She advised that I focus on my family. But in stepfamilies, it’s hard to know who counts. I hung out with my stepsister that weekend. There wasn’t anybody else left on my stepdad’s side of the family, and most of my mom’s family skipped what little we did in my stepdad’s memory. But the people I would have expected to show up just because they loved me and just because they cared for me were my best friend, my dad, and my stepmom. And they weren’t there.

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When I eventually broke, yelling and crying about it, dad and my stepmom said they didn’t know it was so important to me. I believe them, but it seems incredible to me that it was something I needed to communicate. I thought that the weirdness of going to your first wife’s second husband’s funeral would be negated by the fact that your daughter wanted you there, but that’s not how it works. Especially because I told them, and my best friend, “It’s not a big deal.”

Here’s a tip: if your loved one tells you when and where the not-wake is, it’s a big deal. You need to go.

Telling your parents they’ve hurt your feelings is a lot easier than telling your best friend she’s hurt and offended you, though. But years ago, we had agreed that our friendship would only survive hundreds of miles and being in different places in life if we were honest with each other about our feelings, and right away. We can’t let lingering resentments sit, so I told her I was upset she and her husband didn’t show up at the wake.

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She apologized, and then she said something that made my brain stop working for a minute.

I don’t think I realized how you felt about him. I thought you felt more like I do about my stepparents, which I now know is not the case. I don’t know how I didn’t know how you felt about him but I actually didn’t.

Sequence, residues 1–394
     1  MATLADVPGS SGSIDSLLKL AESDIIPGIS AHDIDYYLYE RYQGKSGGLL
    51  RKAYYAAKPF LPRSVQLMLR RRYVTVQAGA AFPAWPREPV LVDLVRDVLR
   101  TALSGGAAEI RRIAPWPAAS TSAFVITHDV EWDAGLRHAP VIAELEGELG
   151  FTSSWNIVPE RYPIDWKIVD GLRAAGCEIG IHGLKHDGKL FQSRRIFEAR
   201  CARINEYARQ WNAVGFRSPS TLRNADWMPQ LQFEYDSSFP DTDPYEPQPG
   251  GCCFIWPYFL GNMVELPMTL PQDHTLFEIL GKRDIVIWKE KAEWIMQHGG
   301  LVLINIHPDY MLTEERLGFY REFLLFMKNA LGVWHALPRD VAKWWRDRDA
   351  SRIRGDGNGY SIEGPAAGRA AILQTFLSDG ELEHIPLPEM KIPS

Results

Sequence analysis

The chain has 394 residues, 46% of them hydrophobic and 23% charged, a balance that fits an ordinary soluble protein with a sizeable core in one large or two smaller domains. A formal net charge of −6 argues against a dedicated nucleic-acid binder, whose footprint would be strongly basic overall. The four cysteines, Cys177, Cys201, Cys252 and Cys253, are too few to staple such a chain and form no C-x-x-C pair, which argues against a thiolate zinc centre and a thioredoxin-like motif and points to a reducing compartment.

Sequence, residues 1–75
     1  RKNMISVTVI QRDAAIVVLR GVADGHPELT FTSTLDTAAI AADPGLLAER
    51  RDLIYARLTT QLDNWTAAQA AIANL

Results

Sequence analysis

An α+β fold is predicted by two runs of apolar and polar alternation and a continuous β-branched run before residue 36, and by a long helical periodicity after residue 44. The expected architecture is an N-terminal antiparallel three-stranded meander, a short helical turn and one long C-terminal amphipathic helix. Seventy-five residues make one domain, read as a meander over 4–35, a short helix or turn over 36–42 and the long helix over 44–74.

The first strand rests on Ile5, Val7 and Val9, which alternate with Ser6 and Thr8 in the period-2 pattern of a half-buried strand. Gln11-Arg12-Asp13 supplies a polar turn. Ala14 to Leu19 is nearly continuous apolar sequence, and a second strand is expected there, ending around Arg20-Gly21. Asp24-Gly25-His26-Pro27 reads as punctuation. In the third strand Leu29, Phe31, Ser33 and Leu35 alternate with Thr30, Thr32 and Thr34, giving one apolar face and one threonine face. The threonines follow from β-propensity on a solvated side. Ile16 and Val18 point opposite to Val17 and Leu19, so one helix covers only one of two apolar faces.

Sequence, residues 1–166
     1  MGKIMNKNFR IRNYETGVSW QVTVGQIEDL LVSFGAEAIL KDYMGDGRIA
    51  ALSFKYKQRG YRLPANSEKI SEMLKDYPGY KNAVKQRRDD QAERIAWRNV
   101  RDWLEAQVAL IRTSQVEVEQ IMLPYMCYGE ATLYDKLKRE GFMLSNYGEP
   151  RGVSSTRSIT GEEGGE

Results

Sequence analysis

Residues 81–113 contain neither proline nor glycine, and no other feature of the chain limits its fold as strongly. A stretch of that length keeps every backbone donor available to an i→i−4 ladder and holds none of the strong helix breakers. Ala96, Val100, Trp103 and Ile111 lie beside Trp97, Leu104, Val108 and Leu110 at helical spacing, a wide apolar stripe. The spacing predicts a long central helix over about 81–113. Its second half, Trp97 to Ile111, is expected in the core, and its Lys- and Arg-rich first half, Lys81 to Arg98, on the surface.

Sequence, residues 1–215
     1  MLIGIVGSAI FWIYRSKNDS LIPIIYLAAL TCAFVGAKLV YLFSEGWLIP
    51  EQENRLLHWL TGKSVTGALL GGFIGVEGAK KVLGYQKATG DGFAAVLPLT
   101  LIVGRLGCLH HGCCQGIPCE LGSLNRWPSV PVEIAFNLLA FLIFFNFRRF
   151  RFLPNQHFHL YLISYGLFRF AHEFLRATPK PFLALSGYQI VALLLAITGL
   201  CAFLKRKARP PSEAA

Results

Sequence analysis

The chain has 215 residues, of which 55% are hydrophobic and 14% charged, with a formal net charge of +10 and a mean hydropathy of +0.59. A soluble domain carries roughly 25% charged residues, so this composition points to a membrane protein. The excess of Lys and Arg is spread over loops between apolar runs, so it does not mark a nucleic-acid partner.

It didn’t take long to realize she was right. It seems so stupid that my best friend wouldn’t know that I loved my stepdad, but in that moment I realized at some point I’d made a subconscious decision not to belabor the point with her. First, I’ve never been on board with the whole “We’re a happy family” narrative—I did love my stepdad, but I don’t like to glaze over how stressful our family situation could be—and second, I didn’t want to alienate her for not feeling the same way. Whether it had all started when we were teenagers and I wanted her to like me, or whether I just never wanted my love for my stepdad to sit in judgment of her attitude toward her stepparents, I am not sure. I do know that the fact I loved my stepdad was effectively a secret from the person I tell all my other secrets.

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In the first month after he died, the question that haunted me: did he know? I thought about all the times I called and just asked to talk to mom, with hardly a hello. I thought about all the times—too few—when I called and talked to just him.

Bargaining? Sure. I think to myself, “Just one more phone call! Just one more phone call,” but it’s a lie. Because all the while I’m bargaining for that one last phone call, I’m thinking surely I can keep him on the line long enough to make a difference.